Holcomb signs executive order requiring face coverings in Indiana

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INDIANAPOLIS — Indiana Governor Eric Holcomb signed Executive Order 20-37 Friday that requires face coverings beginning Monday, July 27. But notably, the order no longer includes enforcement measures that would have constituted a misdemeanor for those who do not comply.

The governor said the order is designed to slow the spread of COVID-19 as case numbers rise in Indiana, in record numbers in recent days.

“Hoosiers have worked hard to get where we are today with businesses open and people back at work. We want to keep it that way. We don’t want to dial things back. Face coverings can and will help us blunt the increase of this virus,” Gov. Holcomb said.

According to the Executive Order, state and local health departments will be responsible for enforcing compliance through education about the importance of wearing face coverings.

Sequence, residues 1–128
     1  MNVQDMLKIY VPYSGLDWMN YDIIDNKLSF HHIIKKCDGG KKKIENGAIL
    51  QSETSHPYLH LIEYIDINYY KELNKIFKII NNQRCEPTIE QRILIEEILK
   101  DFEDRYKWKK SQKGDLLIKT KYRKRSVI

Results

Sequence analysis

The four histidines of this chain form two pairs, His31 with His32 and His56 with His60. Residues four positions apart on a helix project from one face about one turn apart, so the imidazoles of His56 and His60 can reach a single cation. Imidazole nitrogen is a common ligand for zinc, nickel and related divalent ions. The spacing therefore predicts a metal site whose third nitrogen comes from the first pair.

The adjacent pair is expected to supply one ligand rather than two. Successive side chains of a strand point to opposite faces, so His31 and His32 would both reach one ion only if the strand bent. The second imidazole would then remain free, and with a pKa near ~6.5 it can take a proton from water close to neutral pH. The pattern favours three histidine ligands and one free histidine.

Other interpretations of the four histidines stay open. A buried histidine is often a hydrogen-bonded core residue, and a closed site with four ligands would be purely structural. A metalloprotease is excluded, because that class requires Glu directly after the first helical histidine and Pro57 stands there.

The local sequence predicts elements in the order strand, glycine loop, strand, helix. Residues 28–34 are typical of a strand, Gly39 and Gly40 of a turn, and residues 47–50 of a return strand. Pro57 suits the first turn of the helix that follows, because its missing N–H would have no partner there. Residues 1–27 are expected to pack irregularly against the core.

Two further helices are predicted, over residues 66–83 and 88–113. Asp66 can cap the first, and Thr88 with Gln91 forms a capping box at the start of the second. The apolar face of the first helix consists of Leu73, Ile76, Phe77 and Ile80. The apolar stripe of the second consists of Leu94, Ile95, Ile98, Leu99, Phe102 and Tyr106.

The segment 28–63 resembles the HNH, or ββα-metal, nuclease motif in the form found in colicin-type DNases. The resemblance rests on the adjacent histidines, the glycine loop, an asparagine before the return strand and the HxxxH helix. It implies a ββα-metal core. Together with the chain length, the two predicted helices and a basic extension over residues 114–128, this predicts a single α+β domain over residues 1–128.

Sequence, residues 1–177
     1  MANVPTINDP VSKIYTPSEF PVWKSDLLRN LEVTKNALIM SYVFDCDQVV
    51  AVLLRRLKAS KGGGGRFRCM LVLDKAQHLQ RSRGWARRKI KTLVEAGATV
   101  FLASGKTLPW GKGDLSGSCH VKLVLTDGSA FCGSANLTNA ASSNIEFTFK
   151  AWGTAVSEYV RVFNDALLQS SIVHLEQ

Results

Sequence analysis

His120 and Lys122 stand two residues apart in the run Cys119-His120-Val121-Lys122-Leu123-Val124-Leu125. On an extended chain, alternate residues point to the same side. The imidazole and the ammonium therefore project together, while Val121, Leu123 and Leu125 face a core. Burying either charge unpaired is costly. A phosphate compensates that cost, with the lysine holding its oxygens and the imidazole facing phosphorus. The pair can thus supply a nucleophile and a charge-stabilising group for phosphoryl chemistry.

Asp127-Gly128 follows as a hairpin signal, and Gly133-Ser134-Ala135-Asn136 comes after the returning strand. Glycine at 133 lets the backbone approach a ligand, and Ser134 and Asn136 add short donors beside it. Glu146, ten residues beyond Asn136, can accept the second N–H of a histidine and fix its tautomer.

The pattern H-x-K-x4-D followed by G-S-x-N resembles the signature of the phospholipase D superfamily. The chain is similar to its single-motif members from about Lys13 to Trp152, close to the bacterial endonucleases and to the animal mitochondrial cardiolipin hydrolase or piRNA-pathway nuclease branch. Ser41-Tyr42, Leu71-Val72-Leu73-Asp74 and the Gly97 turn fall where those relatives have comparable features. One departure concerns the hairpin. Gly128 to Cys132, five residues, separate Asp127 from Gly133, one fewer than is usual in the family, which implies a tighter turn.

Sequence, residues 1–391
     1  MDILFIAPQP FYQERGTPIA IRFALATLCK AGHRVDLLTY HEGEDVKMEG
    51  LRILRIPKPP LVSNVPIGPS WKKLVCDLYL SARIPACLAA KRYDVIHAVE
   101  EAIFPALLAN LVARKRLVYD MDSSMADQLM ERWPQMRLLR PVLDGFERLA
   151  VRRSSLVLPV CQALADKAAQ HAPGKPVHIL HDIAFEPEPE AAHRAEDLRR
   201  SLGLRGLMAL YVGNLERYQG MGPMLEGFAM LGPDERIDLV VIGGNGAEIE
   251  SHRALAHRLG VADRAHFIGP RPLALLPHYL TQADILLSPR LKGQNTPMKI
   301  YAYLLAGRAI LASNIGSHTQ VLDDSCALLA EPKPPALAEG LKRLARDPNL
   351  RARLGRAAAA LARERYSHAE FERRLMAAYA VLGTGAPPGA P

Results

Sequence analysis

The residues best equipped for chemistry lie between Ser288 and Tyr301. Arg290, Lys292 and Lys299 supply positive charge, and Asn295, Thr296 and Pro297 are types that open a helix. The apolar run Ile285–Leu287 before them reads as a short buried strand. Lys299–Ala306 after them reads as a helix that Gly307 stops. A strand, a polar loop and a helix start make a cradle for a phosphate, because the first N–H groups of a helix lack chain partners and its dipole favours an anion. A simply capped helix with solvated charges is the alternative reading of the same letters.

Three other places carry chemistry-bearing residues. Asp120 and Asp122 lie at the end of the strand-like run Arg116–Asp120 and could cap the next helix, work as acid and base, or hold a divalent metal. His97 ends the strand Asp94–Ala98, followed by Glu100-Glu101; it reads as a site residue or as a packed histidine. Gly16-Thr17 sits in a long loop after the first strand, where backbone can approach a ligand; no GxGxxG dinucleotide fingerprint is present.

There are no criminal penalties listed in the order, but it does include requirements for mask-wearing in schools.

Gov. Holcomb said the state has used data to drive these decisions since the first case of COVID-19 in Indiana was reported in early March.

According to the governor, Indiana currently has seen an increase in overall hospitalizations from approximately 600 a day near the end of June to approximately 800 now.

The highest number of cases in a single day with 1,011 Hoosiers reported positive was announced Friday.

Indiana has also seen a rise in COVID-19 positivity across the state from a low of 3.6% a month ago to nearly double that percentage now. Some counties, which early on had minimal positive cases in some instances, now reporting regular double-digit positive cases.

The Executive Order is in effect until at least Aug. 26, and local governments may impose more restrictive guidelines.

Click here to see the executive order.

On this week’s edition of IN Focus, we discussed the political fallout with our panelists, and heard from two Indiana Republicans who questioned the governor’s initial plan to criminally enforce the order, including Indiana attorney general Curtis Hill and Rep. Trey Hollingsworth.

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